In the realm of machine/deep learning, models can be broadly categorized into parametric and nonparametric based on their underlying assumptions and approaches. Parametric models make strong assumptions about the underlying distribution of the data. Examples include linear and logistic regression. On the other hand, nonparametric models do not make strong statistical assumptions about the underlying distribution. Examples include support vector machines (SVMs), decision trees, and deep learning algorithms. Nonparametric models can be more flexible and accurate for complex data distributions, but they often require more data, can be slower, and may risk overfitting if not handled properly.

1) Linear and multivariate regression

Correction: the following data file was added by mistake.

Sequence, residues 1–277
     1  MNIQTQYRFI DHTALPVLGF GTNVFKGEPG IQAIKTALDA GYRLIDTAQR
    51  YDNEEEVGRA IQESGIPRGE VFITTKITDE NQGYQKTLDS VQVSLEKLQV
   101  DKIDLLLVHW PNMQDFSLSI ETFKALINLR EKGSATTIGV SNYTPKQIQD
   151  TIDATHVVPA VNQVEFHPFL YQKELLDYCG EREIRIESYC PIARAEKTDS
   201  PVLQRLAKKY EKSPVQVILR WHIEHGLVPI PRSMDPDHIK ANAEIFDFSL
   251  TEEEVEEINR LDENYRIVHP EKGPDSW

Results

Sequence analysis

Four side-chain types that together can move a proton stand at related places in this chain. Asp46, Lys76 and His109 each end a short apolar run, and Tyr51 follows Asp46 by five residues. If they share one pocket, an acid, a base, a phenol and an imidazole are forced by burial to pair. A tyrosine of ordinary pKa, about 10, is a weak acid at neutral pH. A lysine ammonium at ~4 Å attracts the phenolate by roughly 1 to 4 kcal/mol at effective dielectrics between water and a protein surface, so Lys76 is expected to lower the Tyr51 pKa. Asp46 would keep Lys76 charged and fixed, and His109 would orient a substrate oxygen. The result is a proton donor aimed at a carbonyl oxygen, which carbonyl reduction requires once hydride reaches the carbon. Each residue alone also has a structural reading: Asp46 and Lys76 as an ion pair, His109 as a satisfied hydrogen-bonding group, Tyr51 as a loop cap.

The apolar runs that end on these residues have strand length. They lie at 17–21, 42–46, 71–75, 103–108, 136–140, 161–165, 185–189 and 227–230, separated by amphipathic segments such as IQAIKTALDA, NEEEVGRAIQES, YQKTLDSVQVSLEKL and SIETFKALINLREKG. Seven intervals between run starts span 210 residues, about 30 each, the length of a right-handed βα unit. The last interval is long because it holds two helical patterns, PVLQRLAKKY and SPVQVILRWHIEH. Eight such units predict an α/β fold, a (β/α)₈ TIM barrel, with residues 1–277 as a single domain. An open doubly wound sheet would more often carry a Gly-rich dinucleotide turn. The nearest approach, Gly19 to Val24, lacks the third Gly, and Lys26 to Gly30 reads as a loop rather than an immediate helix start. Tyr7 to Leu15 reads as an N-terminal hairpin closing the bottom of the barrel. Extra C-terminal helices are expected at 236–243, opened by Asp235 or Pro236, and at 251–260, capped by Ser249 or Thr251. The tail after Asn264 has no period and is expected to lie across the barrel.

Linear and multivariate regression serve as foundational parametric algorithms in the realm of ML. Linear regression predicts the value of a dependent variable from a single independent variable under the assumption of a direct linear relationship. Multivariate regression extends this idea by predicting a dependent variable based on multiple independent variables, allowing it to model scenarios where multiple factors interplay to influence an outcome. In our review, we observed that 2 studies employed variations of regression analysis in their methodologies. Dieckmeyer et al. [34] first utilized a deep learning algorithm to segment vertebral bodies, which were then analyzed with radiomics to extract features. These features were used as input variables in a logistic regression model for classification purposes. In a similar fashion, Wang et al. [35] utilized radiomics for feature extraction; however, their approach differed in that they used these features as predictors in a layered multivariate regression model.